A mesmerizing, wordless conclusion to The Green Knight

Directed by David Lowery ("Aint Them Bodies Saints," "A Ghost Story"), A24's "The Green Knight" features some of the most spectacular visuals of 2021 and a towering performance from leading man Dev Patel. The film is based on an Arthurian legend about Gawain (Patel), King Arthur's (Sean Harris) nephew, who agrees to a challenge from the enormous and intense Green Knight (Ralph Ineson).

The film's standout moment comes after Gawain's extremely long quest to reach the Green Knight. After what feels like years of searching, Gawain has finally made it. But although he appears ready to receive the blow from the Green Knight, he runs into the woods. Then, an extended wordless sequence begins, where Gawain returns to Camelot and sees his life play out. He becomes king, but the position does not suit him — it turns him into a disconnected figurehead whose own people turn on him, and his son even dies on the battlefield.

It's an extended, ethereal sequence that is difficult to shake. The decision to have the entire thing unfold without dialogue is a brilliant choice, as it really allows audiences to soak up the feelings, mood, and glorious visuals. While the film leaves viewers with plenty of unanswered questions, it's all the better for it.

Spider-Man: No Way Home's multiverse meet-up

For months leading up to the release of "Spider-Man: No Way Home," fans put together a wish list of things they were hoping to see. We knew from the first trailers that the film would feature the return of various villains from across Spider-Man's movie history, but many eager moviegoers were also hoping that it would include the return of two particular Spider-heroes. When the film's marketing didn't feature either Tobey Maguire or Andrew Garfield as their respective versions of Peter Parker, and Garfield himself repeatedly denied involvement while promoting other films, fans still held out hope, suspecting a studio secret that would eventually be revealed.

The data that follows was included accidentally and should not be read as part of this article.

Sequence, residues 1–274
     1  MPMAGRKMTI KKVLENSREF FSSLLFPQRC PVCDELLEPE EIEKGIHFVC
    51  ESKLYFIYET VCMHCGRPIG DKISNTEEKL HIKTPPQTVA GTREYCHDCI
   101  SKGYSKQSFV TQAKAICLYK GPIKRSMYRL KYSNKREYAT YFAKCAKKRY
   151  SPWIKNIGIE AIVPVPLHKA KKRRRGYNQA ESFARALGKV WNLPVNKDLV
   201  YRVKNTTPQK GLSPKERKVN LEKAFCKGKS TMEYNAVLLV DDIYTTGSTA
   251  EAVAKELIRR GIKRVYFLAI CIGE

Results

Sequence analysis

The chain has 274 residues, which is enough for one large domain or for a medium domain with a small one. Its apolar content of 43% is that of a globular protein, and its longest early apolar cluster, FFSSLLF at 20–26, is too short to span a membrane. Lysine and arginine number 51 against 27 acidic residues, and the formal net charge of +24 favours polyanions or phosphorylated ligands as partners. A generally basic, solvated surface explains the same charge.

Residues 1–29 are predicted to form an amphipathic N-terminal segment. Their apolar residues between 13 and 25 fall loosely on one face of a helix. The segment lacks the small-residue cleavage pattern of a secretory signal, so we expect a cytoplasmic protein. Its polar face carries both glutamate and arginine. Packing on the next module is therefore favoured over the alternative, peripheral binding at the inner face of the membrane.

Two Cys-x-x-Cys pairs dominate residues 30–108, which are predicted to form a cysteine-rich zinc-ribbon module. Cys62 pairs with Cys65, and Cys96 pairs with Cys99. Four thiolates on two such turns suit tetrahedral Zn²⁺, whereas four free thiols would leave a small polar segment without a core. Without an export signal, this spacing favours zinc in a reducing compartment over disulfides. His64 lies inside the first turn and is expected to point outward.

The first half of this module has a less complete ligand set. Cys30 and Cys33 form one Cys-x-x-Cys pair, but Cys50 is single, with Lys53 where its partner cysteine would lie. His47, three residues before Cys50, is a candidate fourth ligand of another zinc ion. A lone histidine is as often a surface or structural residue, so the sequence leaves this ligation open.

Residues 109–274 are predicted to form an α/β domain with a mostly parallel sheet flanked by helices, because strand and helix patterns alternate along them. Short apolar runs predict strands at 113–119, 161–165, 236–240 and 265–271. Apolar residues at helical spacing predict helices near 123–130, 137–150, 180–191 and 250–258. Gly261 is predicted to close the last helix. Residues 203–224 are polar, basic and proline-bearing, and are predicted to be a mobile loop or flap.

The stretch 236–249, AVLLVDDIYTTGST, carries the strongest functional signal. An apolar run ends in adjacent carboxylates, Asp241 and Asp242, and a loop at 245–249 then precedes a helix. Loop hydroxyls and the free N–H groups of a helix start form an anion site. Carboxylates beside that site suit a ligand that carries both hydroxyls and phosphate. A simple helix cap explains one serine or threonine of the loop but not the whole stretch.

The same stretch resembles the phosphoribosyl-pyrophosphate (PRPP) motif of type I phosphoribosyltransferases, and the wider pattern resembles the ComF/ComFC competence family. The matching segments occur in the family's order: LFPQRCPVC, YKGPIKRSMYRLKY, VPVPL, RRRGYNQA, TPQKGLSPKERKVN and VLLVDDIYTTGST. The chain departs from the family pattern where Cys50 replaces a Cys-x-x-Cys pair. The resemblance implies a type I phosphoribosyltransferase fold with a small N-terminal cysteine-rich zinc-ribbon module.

Then, at last, we all got our wish. In the middle of "No Way Home," as Holland's Peter Parker reckons with a tremendous loss, his friends Ned and MJ accidentally summon two other Peters, and Garfield and Maguire come walking through portals — older, wiser, and ready for one more adventure. Watching Garfield take off his mask to reveal his Peter's impossibly tall hair, and watching Maguire quietly walk into the frame, fans burst into spontaneous applause, longtime Spider-Man fans got goosebumps, and a cinematic meet-up years in the making was born. It's not the flashiest moment in "No Way Home," but it is the most memorable.

The Matrix Resurrections takes flight

"The Matrix Resurrections" is a film that knows exactly how to twist the familiar iconography and themes of the franchise that inspired it into dazzling new things. The story of Neo's gradual reawakening to a past that's been hidden from him, most of the movie is about his efforts to reconnect with his lost love, Trinity, though she's since been brainwashed by the Matrix to forget the life they once shared.

Finally, as the film reaches its climax, Trinity takes her rightful place by Neo's side, and they fight their way through the streets as an army of the Analyst's drones come after them, desperate to sever the connection that gives them more power than the Matrix can contain. Along the way, as Trinity pilots her motorcycle and Neo blasts force fields out of his hands, we think we can see what's coming, and the film's trailers already set it up. The pair are cornered on the roof of a skyscraper, and have no choice but to jump. Our experience with the original "Matrix" trilogy suggests that this will be the moment Neo finally remembers how to fly, but no. Instead, Trinity is the one who takes flight, saving them both from plummeting down and revealing that, in her way, she's just as powerful as Neo is. It's a stunning, breath-catching moment of genre grandeur, and underlines the film's message that shared love is what really redeems us all.